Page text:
On Hierarchies of Rabbis — not as a human pyramid

The following essay was written in response to the article I Have No Chief Rabbi at www.hartman.org.il. I’ve made some edits so it makes more sense out of the context of a facebook stream.
Reb Yonah is one of my elementary school rabbis: Rabbi Yonah Fuld, now living in Israel. As tough as my struggles with religion have been, loving, thoughtful and caring rabbis such as Rabbi Fuld and Rabbi Yitz Greenberg reinforced my view that Judaism is many things, but lovingkindness is at its core.

Thanks, Reb Yonah, for sharing that article against the obscene bureaucracy called the Rabbinate with its chief rabbis. While having standards for rabbinical status (i.e., Yeshiva University, Jewish Theological Seminary) make perfect sense, and provide each stream of Judaism with a level set of education and experience, my experience with the rabbinate was noxious and toxic, amid all the happiness of the occasion; it spoiled a friendship with a cousin and rankled throughout my marriage.

In Israel, in the 90s, one had to be married by the rabbi/priest/immam paired with one’s religion or background. There was no civil marriage in Israel back then, so tough noogies if you were an atheist. Because my (now) ex and I were both of European extraction, it was decreed that we be married by him.

He was a stupid prat resembling an egotistical orthopedic surgeon on a bad hair day. My grilling for proving my Judaism was a matter of dropping the right rabbi names (my religious grade school had no meaning to him, but the name of my high school head rabbi — Sorry, “spiritual proctor (משגיח רוחני)” — apparently carried some weight). My ex, on the other hand, had to bring proof that both her parents were Jewish. {blink} Fortunately for her, the Orthodox rabbi who’d married her parents was still alive, so he shot off a letter. If they’d been married conservative, even if they were both Jewish and could trace their Jewish roots back to Europe, they’d have required who knows what: maybe a full conversion.

We wanted a tiny modification to the wedding ceremony: two rings. Motion denied. Having gone through probably more useful years of learning than the government-issued rabbi, I pointed out that the halachic (legal) requirement for marriage was a man giving a woman something of value and saying a certain phrase, in front of two legit (i.e., Jewish, Orthodox, male, 13+ year old) witnesses, and that everything else was optional. (N.B., Orthodox rabbis have to annul dozens of inadvertent marriages world-wide each year, when 14-year-olds say the phrase and give something (a cheap pen is enough) to a Jewish girl in front of their schoolmates.)

Any and all explanation of what we were trying to do was ignored. I’d wanted to have our own K’tuba — marriage license. My mother in law was an artist, and was eager to illustrate and write (even though she’d need to treat Hebrew characters as Egyptian runes — she didn’t know Hebrew) a document my ex and I felt was an important symbol of our life. Nope: there was one standard for Ashkenazi (European) Jews, and another for the Sepharadi (Middle Eastern) Jews. No changes allowed. Ditto for the “bill of sale” document (since the father of the bride and the groom sign off the latter’s receipt of the bride, including her virginal condition). No, no, don’t get me started.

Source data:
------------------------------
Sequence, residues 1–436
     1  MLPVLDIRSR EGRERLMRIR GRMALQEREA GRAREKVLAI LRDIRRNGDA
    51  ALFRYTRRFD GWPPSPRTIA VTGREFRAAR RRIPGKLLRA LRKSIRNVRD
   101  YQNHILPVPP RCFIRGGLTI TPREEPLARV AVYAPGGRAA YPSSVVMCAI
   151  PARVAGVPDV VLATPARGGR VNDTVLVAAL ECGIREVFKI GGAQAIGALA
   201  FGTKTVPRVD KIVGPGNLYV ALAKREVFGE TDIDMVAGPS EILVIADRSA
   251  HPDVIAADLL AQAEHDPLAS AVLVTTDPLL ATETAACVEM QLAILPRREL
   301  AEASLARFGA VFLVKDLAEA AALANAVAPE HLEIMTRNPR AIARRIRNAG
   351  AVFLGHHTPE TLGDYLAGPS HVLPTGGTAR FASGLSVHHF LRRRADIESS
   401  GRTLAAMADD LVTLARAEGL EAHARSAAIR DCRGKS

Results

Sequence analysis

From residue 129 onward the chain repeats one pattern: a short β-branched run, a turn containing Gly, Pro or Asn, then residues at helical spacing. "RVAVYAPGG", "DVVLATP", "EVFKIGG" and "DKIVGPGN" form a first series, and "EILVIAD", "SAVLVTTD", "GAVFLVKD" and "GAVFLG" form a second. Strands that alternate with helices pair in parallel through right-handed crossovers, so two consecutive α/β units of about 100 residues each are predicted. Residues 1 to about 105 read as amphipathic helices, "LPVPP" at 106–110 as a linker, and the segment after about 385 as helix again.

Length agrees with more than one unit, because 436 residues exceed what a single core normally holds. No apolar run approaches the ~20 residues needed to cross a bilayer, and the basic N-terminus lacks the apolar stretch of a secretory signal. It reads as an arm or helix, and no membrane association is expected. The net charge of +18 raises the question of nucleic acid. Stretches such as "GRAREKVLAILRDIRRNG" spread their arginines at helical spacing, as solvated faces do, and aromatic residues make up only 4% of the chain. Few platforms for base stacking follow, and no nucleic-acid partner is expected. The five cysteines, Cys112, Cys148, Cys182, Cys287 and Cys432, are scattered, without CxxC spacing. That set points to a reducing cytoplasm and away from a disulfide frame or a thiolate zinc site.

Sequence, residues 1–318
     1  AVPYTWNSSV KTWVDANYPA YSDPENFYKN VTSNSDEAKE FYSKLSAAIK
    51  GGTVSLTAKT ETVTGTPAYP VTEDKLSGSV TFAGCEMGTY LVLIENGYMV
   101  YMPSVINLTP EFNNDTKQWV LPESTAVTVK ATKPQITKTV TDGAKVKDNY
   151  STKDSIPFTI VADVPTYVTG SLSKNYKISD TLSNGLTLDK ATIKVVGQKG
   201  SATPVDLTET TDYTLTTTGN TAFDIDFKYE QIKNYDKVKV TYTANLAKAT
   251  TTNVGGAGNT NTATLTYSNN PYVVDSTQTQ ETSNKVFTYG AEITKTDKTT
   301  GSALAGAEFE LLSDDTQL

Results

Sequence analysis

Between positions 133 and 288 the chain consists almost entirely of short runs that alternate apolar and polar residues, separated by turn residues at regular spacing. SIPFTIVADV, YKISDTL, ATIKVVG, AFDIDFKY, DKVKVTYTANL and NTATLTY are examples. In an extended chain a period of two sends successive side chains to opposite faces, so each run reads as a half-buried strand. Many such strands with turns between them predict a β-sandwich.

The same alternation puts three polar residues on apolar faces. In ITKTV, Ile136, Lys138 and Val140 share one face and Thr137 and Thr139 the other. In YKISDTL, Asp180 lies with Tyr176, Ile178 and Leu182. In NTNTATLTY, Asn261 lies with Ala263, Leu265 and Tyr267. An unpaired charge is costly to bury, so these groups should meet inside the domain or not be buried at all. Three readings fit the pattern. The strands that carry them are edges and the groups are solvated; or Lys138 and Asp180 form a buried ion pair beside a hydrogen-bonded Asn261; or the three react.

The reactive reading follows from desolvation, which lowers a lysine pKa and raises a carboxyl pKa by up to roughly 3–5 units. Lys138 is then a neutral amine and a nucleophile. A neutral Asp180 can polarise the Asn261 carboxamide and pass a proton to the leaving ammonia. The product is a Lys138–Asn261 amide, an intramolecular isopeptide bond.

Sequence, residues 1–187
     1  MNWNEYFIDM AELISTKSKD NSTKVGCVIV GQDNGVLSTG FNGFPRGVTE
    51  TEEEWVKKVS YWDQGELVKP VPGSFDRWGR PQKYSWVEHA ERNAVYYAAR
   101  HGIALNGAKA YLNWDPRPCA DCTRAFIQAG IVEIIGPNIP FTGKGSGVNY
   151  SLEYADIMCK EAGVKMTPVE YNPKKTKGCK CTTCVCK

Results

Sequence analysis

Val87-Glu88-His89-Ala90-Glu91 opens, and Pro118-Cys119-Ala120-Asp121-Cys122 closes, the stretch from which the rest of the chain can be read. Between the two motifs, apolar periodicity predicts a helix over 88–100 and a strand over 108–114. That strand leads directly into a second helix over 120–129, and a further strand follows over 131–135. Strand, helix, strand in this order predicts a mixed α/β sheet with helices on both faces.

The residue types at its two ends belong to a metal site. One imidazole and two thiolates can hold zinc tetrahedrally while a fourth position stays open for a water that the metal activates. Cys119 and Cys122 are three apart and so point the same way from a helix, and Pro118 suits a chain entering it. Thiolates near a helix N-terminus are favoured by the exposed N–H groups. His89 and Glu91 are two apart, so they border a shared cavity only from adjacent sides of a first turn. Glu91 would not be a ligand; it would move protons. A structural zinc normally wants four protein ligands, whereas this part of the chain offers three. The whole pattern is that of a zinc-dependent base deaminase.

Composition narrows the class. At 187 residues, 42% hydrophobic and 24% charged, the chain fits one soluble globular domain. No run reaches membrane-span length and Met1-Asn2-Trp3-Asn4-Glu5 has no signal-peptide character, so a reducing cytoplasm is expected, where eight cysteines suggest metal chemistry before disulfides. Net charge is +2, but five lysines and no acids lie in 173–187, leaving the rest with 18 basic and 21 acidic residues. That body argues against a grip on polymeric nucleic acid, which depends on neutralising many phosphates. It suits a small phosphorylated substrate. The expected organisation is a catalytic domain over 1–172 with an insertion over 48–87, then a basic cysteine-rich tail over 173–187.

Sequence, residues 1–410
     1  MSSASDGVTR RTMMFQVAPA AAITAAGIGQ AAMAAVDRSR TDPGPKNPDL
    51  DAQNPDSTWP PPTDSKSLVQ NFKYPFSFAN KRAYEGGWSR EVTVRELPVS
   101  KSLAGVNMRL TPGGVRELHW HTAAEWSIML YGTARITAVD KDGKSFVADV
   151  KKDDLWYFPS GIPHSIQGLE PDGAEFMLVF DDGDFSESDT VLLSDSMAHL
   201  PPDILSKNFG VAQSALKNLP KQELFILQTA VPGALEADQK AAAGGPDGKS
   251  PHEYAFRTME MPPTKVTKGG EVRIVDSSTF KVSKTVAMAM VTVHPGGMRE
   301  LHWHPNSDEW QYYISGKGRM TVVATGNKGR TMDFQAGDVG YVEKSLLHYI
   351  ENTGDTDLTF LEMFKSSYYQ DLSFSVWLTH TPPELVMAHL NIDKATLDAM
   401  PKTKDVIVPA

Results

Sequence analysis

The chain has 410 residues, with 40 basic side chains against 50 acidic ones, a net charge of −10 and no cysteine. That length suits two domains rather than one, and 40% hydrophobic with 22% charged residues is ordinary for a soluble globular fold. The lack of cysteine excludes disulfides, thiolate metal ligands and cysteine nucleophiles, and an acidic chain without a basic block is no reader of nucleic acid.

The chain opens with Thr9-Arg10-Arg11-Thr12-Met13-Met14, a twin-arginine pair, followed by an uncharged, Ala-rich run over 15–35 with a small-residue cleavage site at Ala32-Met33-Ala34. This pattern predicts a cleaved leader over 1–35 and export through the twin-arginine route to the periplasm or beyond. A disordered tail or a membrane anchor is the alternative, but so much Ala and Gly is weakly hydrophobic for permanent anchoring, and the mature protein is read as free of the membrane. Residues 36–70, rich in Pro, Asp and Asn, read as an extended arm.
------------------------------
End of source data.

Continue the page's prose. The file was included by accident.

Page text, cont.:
I turned to a cousin, and asked him to consider doing the ceremony in his capacity as a rabbi in a Northern Israeli town. He’d been a wonderful, gentle resource for my ex and me. He agreed to try and get the Rabbinate in his city to talk to the Rabbinate in Karmiel to get him to do the ceremony. But it quickly turned out that he was no more willing to make any changes whatsoever than our local boy wonder.

Eventually, we made it our own way. My ex’s mom created an AMAZING document, fully illuminated and beautifully written. The Rabbinate laws didn’t state where the marriage had to take place, other than it had to be after sunrise. So we told the “European” flavor rabbi to appear in his counterpart’s synagogue at dawn. Oh, the two didn’t like each other one bit. We had a ceremony before the congregants, with some family on both sides attending. Then, having received and promptly tossed the “official” papers into a binder and from there into a drawer, we had a really great wedding celebration, complete with Reconstructionist rabbi, two ring ceremony, and a reading of the K’tuba of our making before family (happy on her side, bemused and disoriented on mine) and friends. A gorgeous day with a few of the Lower Galilee and the Med.

The Rabbinate made the most important and joyous ceremony of our marriage an event that strained us and our families. May those institutions wither and rot, as an overwatered grapevine whose grapes were Blake-ly poisoned.

As an apparently pigeonholed ‘ritual atheist,’ the god-belief part of Judaism holds nothing for me. But the rituals, and the care the Jewish community takes of its own, dictates the future of my clan, my children, and their children (sometime in the future, please!).

P.S. When my ex and I got our official divorce (‘get’), I wanted a religious one. I called up one who did it for a living (wow!), and he said it would cost $900, and not to call him until I had the money; he didn’t have time for any price wrangling or discussions. Way to go. We finally got one to do the deed for less, and he was respectful, honest and diligently and with sensitivity executed the task of burying a marriage long since expired. I got more out of the divorce ritual than our marriage. Which is truly sad.